What is the Delphi Technique?
The Delphi technique provides a board of directors with a thorough, easy-to-follow structure for generating, examining, and prioritizing ideas and solutions. This technique is perfect for boards tasked with making well-informed, high stakes decisions.
Decision-makers use a series of questionnaires to deliberate on ideas and solutions with an anonymous panel of experts. The panel’s anonymity is maintained by a facilitator who serves as a liaison between the two group. The facilitator administers the questionnaire and cleans up responses for clarity and relevance before passing them off to decision-makers.
Panelists are allowed to provide additional commentary on their own responses as well as the responses of other experts.
Delphi studies administer questionnaires in four rounds. Facilitators are allowed to repeat the fourth round of questioning until decision-makers have the information they need to make a decision.
The first questionnaire is typically open-ended; concerned with identifying need-to-knows and initial insights. If decision-makers have already researched the issues, the questionnaire can adopt a more focused structure.
The second questionnaire presents panelists with the decision-makers’ summary of first round responses for commentary and clarification. In addition to answering Round One follow-up questions, panelists are asked to identify and rank (by priority) solutions or action items.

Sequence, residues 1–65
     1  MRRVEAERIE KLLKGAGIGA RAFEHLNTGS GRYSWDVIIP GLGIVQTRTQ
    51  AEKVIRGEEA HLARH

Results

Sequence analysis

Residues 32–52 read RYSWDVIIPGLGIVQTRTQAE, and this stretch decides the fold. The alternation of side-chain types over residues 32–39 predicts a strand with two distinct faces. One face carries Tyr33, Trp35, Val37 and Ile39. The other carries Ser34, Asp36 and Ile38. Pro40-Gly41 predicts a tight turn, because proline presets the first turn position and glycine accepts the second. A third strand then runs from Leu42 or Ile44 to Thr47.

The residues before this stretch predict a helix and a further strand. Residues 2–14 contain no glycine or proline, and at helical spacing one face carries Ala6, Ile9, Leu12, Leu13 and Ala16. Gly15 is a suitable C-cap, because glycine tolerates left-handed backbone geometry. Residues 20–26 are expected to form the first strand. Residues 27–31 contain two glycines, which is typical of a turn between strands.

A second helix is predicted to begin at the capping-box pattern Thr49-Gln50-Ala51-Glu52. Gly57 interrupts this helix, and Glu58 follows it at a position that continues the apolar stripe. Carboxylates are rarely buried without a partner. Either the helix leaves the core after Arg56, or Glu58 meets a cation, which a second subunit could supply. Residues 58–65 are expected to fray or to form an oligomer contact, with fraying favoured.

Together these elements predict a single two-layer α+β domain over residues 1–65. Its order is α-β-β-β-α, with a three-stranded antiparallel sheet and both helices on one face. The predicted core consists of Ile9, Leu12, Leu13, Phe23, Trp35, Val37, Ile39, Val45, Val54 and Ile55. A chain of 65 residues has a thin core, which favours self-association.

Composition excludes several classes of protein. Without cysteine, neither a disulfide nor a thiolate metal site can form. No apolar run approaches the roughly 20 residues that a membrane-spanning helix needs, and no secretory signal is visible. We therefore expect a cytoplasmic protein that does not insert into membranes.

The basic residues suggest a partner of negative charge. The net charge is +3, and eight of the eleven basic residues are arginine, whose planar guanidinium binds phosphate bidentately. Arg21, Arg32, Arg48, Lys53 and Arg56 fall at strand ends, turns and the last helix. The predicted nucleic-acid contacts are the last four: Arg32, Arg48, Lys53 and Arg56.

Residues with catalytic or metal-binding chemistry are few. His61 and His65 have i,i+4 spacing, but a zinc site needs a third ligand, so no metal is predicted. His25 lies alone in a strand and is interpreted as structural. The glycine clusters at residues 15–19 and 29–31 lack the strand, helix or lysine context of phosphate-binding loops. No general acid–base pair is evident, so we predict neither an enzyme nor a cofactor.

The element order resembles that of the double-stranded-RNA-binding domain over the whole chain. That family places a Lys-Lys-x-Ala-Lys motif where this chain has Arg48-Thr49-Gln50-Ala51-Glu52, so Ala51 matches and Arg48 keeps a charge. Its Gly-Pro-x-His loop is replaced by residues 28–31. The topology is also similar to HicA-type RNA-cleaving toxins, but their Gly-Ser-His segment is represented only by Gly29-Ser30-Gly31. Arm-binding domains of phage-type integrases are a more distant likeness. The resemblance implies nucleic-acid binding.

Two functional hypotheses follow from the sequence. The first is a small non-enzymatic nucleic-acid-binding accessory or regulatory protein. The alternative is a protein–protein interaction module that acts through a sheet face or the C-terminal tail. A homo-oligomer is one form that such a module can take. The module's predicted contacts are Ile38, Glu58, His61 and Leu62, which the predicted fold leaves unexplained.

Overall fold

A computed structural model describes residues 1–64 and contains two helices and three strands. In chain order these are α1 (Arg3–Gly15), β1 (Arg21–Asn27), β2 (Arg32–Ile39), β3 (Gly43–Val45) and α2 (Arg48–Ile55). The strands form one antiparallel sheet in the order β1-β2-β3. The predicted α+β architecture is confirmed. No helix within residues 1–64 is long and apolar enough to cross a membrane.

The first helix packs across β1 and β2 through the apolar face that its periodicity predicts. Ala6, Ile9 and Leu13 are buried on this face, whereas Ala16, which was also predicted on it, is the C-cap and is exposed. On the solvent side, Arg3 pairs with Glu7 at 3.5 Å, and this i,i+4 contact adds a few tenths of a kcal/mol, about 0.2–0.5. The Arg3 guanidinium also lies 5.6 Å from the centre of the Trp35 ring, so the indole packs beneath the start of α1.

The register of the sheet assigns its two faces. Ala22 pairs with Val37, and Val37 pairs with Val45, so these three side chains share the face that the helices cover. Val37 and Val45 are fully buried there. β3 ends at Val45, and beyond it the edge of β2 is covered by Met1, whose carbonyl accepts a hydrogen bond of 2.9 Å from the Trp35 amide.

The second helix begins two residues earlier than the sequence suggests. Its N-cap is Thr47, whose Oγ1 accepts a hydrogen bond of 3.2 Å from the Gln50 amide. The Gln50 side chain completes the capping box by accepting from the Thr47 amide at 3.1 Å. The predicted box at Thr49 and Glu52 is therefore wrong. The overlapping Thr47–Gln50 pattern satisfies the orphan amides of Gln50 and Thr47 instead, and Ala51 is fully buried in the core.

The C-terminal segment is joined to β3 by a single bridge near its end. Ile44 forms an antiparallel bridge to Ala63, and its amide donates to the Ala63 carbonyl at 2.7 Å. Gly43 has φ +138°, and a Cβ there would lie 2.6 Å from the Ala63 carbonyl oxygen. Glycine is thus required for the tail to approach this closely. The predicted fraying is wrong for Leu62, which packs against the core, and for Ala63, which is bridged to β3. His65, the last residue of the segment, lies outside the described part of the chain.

Panelists are asked to review the decision-makers’ responses to their prioritizations and provide revisions or clarifications as necessary.
In this round, the experts receive the decision-makers’ summary of any and all items over which the panel has yet to form a strong consensus. Also included is a summary which recaps all items and ratings for which a consensus has been reached.
This round may be repeated until the board of directors has enough information to make an informed decision. It is often only repeated multiple times when panel members are widely out of consensus. The more aligned the expert consensus is, the less times this round is likely to be repeated.
It’s clear that the Delphi Technique provides a considerably more thorough exploration of ideas and evaluation of actionable priorities when compared to nominal group technique. But, then again, it’s intended to inform decision-makers in situations which demand nothing short of “thorough”. It’s intense. But we’ll put out a cheat sheet soon enough! Check our blog soon for more! In the meantime, go ahead and click that big orange button at the top of your screen. The one with request a demo on it. We can’t wait to show you how Directorpoint’s software is helping businesses make better decisions… across the board.